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Avoiding future denial-of-service attacks

Image Network World Fusion

February 23, 2000
Web posted at: 8:48 a.m. EST (1348 GMT)

(IDG) -- ISPs have a technique that could be used to choke off denial-of-service Web attacks, but it's not clear if business users will benefit from it any time soon.

By using address source filtering at edge routers, ISPs could prevent large numbers of "fake" IP packets from flooding targeted sites. In the near term, filtering is the only solution to prevent denial-of-service attacks on a large scale, says John Pescatore, a research director at Gartner Group, a Stamford, Conn., consulting firm.


While most ISPs agree filtering could nearly eliminate the assaults, they are hesitant to install the safeguard because of the heavy price and uncertainty about the longevity of the fix.

Filters, which have to be deployed on routers at the edge of the network, enable an ISP to drop packets that have unfamiliar source addresses. PSINet, for example, would examine packets coming in from a customer site and drop them if they had addresses assigned to UUNET or were otherwise unknown.

Hackers typically use fraudulent IP addresses, either lifted from unknowing Internet users or simply made up, to make it harder for investigators to discover where attacks are coming from.

Address source filtering will likely reduce the number of denial-of-service attacks by making this common first step difficult to pull off and easier to trace, says Chuck Davin, vice president and chief technical officer at PSINet.

So why aren't ISPs using filtering? The primary reason is performance will suffer, says Kelly Cooper, Internet security officer at GTE Internetworking. "Filtering at the edge of the network will take significant amount of router processing power."

PSINet's Davin likens it to putting police officers at the entry of every highway and having them check the license of every driver to make sure they are who they say they are.

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To overcome the congestion, ISPs would have to deploy more packet-handling horsepower. "The bottom line is that the responsibility is on the ISPs and Web-hosting companies to strengthen their infrastructures," Gartner's Pescatore says. "They don't want to because it would require more routers, larger switches, etc., to maintain the same performance."

While source filtering can combat denial-of-service at-tacks, it's possible hackers could change their ways and effectively sidestep the expensive fix. Some ISPs, such as PSINet and GTE Internetworking, are considering setting up filters, but none have committed to deploying the technology.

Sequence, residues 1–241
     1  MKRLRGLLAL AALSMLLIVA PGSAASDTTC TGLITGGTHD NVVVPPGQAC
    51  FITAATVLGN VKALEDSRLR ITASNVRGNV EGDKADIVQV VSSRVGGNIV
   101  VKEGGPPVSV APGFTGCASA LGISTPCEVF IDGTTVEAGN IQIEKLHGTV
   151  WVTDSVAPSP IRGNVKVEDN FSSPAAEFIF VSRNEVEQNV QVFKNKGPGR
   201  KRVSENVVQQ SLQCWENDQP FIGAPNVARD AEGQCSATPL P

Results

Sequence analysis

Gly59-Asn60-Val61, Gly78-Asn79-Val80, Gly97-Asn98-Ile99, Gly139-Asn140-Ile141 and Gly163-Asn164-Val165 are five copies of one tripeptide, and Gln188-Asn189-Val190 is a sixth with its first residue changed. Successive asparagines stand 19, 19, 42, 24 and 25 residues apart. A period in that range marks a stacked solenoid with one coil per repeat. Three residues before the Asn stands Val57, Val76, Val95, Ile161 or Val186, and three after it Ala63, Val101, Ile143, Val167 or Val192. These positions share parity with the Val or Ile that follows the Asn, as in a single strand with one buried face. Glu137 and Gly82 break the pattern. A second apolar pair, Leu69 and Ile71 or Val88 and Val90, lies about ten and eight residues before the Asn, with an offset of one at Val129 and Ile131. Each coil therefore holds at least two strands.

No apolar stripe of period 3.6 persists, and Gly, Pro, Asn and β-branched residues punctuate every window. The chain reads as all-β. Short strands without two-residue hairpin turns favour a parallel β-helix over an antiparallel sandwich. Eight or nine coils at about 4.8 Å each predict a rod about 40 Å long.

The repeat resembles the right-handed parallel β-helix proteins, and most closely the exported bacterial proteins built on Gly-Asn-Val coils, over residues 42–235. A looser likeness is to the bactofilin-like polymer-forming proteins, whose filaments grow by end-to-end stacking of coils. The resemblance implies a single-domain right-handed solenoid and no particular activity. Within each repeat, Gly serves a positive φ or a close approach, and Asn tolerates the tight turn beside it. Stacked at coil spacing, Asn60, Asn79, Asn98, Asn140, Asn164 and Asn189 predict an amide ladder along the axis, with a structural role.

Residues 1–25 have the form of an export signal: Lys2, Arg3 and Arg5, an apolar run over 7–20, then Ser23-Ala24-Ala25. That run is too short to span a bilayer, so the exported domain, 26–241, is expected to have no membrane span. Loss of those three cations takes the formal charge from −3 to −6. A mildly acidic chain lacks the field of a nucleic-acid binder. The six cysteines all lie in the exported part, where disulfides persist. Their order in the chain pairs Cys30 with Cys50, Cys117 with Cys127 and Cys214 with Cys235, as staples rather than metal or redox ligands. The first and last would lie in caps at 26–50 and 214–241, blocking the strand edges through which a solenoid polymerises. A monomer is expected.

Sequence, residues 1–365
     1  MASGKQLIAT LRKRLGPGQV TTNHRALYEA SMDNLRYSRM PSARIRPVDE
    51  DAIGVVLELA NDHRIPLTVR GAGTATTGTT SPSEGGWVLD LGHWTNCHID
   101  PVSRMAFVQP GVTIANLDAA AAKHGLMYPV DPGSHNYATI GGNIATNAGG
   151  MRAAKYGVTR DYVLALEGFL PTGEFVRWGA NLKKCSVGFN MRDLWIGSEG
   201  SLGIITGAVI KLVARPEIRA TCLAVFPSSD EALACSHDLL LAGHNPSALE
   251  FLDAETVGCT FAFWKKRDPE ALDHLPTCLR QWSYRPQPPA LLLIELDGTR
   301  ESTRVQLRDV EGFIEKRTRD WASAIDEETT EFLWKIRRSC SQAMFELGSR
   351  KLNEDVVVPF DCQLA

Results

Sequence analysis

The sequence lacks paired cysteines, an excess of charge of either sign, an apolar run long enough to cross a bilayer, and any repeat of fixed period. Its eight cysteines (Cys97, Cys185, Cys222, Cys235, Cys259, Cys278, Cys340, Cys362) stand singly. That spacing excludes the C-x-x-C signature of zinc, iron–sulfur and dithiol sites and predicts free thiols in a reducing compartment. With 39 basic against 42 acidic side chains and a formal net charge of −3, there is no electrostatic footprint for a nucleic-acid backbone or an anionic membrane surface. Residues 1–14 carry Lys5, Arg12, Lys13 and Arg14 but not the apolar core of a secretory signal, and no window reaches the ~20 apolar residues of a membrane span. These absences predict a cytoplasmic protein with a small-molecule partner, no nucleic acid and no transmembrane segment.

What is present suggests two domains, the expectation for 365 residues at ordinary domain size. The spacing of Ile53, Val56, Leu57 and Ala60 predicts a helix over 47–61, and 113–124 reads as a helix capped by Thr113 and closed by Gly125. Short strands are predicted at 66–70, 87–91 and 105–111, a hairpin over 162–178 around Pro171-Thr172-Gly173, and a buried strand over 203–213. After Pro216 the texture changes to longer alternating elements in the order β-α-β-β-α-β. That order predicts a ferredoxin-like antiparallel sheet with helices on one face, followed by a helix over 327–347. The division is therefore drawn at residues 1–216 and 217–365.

UUNET's Mark Krause, senior manager of infrastructure security, says it's not so much a cost issue as a question of getting more powerful hardware and software that can handle the load without degrading network performance.

UUNET and GTE Internetworking are working with Cisco to develop a more advanced technique for dropping invalid traffic. GTE Internetworking is already using Cisco's reverse path forwarding (RPF) protocol to compare IP traffic with routing tables to ensure the packet is coming from the correct network. But today, RPF cannot be used with customers that use more than one ISP for access, which is becoming more common. RPF is believed to be less draining on routers.

While ISPs are waiting for more-advanced filtering methods, the ISPs interviewed by Network World say business users must shoulder some of the burden. The carriers are working with customers to set up filtering and intrusion-detection software to help prevent hackers from capturing machines to launch attacks.

Authorities pursing the attackers say the servers they used belonged to users that had no idea their resources were being used to launch attacks.

Clearly something has to be done, because the stakes are so high. The attacks on Yahoo, eBay, and E*Trade earlier this month cost approximately $1.2 billion, according to The Yankee Group, a Boston consulting firm. This figure comes from estimating lost revenues, loss in market capitalization due to falling stock prices and how much money will be spent on upgrading security systems.

Ultimately the carrier that offers a solution to the problem may have a competitive advantage over rivals.

ISP report card
February 2, 2000
The turn to opitical switching
January 25, 2000
Broadband, narrow choices
January 25, 2000
Enron inks deal with Sun to further broadband Net service
January 24, 2000

Corporate vigilantes go on the offensive to hunt down hackers
(Network World Fusion)
Denial of service and the worm
(Network World Fusion)
Web attacks were no Pearl Harbor
More gov't money needed for cybersecurity
Asleep at the security wheel?
Hackers express disdain for Web
(PC World)
eToys attacks show need for strong Web defenses
(Network World Fusion)
Web sites consider hacker insurance
(PC World)

Steps for dealing with an attack
Trinoo detection tools
Matrix IQ (measures ISP performance)
Internet Security Systems home page

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